Even if this move succeeds, it will be merely another case of scratching the surface so gently that only deckchairs will be being rearranged. The overall problem is multi-featured and includes such aspects as: (a) having a GMC in the first place, which is essentially self-monitoring and self-regulation, albeit with teeth for those who defy the groupthink ethic that infests still the long-standing, highly professionalised members of the medical profession. As such it is just as open to criticism as the so-called "Independent Police Complaints" body is. Instead, they should have a truly independent regulatory body with real teeth and a willingness to use them where necessary; (b) As just stated, the groupthink that has arisen because of the historical aspects of the professionalisation of the medical profession, where "mindguards" watch out for people who are prepared to buck the system and use various methods to either eject them or pull them into line; (c) chronic cronyism that has been resistant so far to all attempts to eradicate it; (d) long-standing privileges and perks that in any other system would be viewed as bordering on the corrupt. The only reason they are not now viewed by many as being corrupt is because they have been in place for so long without being exposed (see "mindguards", above). If the general public think that the expenses scandals surrounding MPs is bad, they need only look at the privileges and perks, and the additional expenses already highly-paid medical people are able to claim to see something equal to the unreformed expenses system MPs has at their disposal until recently; (e) the long-standing public image that medics have carefully and fiercely guarded that elevates them to highly powerful and highly placed positions in the minds of too many of the public. In this, the UK shares this problem certainly with the USA, but travel to many other countries and you will see that less-powerful medical associations and professions foster a much more healthy scepticism and attitude towards medics. However, in the UK, all too often, legitimate complaints about medics' behaviour is dealt with by completely unprofessional ad hominem statements about those making the criticisms, suggesting that they are acting out of envy, or personal grudges, or that they even have personality or psychological problems, and hence the complaints need not be taken too seriously. Such moves are unethical ones, as well as being just plain inaccurate in many cases, but such is the perceived power of the profession that such invalid statements are rarely successfully challenged (they are part of the "mindguards" arsenal of counter-weapons, for instance.)

Nothing significant will change until all of these are tackled, and so the latest move to unseat Liam Donaldson is merely a re-arrangement of the deckchairs.

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MTAS was a disaster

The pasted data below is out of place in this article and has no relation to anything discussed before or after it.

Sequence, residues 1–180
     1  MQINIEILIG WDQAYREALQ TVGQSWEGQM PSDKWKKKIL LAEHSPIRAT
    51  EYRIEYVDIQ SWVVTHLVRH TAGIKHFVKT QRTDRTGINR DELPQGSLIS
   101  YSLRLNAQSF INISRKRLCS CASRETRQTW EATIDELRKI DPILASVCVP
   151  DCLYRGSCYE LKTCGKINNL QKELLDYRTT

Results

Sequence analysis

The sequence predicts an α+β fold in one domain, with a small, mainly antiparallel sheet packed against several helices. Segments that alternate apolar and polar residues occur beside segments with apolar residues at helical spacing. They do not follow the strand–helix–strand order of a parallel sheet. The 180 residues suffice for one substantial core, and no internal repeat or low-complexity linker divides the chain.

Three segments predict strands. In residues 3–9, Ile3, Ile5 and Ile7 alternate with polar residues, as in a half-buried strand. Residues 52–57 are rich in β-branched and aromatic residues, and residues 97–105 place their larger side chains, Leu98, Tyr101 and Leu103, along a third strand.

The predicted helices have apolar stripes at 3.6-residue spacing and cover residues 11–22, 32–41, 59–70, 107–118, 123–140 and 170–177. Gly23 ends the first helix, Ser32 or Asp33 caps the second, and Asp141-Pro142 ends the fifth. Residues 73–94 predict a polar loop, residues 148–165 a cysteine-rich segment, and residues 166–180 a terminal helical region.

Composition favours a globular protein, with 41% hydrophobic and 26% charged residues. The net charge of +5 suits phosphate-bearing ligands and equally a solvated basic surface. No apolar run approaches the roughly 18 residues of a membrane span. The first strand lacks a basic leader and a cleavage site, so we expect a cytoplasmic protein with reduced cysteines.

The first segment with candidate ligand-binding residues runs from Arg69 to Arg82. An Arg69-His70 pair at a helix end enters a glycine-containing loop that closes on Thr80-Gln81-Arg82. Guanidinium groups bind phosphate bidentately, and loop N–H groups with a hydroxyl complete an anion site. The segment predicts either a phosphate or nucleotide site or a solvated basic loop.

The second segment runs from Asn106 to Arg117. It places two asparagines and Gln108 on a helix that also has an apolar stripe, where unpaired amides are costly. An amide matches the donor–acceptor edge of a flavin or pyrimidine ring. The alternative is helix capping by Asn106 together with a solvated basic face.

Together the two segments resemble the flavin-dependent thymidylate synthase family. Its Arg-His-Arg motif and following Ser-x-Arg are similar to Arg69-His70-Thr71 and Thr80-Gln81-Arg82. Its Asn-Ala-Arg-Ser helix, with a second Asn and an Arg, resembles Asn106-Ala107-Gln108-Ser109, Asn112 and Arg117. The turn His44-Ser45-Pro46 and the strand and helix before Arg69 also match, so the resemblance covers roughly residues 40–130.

MMC - Modernising Medical Careers - is the programme for postgraduate medical training in the UK, introduced in 2005. It aimed to provide a fairer system for medics to apply for specialty training, and to enable the best of them to become consultants quicker than the previous system.

MTAS was the computer system set up for doctors who had (a) completed their medical degrees, and (b) done 2 post-graduate years of training, to apply for further training posts where they would develop their medical skills in a particular specialty while working as doctors.

At the time they were applying the training for each doctor had cost the taxpayer approx £250K - a quarter of a million pounds.

From the start MTAS ran into difficulties. As the deadline date for submitting applications approached, the website failed due to the high numbers of applications being prepared and submitted.

Incredibly, the online application form consisted of shortlisting questions with space for 150-word answers. One of the changes promoted by the new system was that little (25%) importance was given to past experience, achievements, or examinations passed in the specialties, while the majority of the weighting for selection was based on the 150-word answers in the electronic application form (75% weighting). This was in sharp contrast to the previous CV-led process where past experience, achievements and examinations passed in the specialties were used to shortlist candidates for interview.

So you, dear taxpayer, are likely to have ended up with the applicants who were best able to spin, brag and boast rather than those who had the best experience, achievements or exam passes. Is that what you want?

On the basis of these sometimes fatuous questions - e.g. "Describe a situation where you displayed empathy" - doctors were shortlisted or not for interview for the training posts available.

Shortlisting was widely regarded as uneven and unfair, with the Tooke Report noting: "Some excellent candidates not shortlisted. Many very poor candidates were shortlisted."

And remember, many of the excellent candidates not shortlisted left the UK and went to posts in Canada, Australia, New Zealand and elsewhere, taking their UK taxpayer funded training with them, costing you £250K each time.

Read more about this sorry tale on Wikipedia, under MMC and MTAS.

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Flame

So that's what MTAS stands for.

I thought it was "Make Them All Suffer", as part fo the Mangling Medical Careers programme.

oops, better be an AC here - I pay a subscription to the GMC every year. Always strikes me as odd that it costs me money for them to do nothing to me, whereas they'll strike me off for free...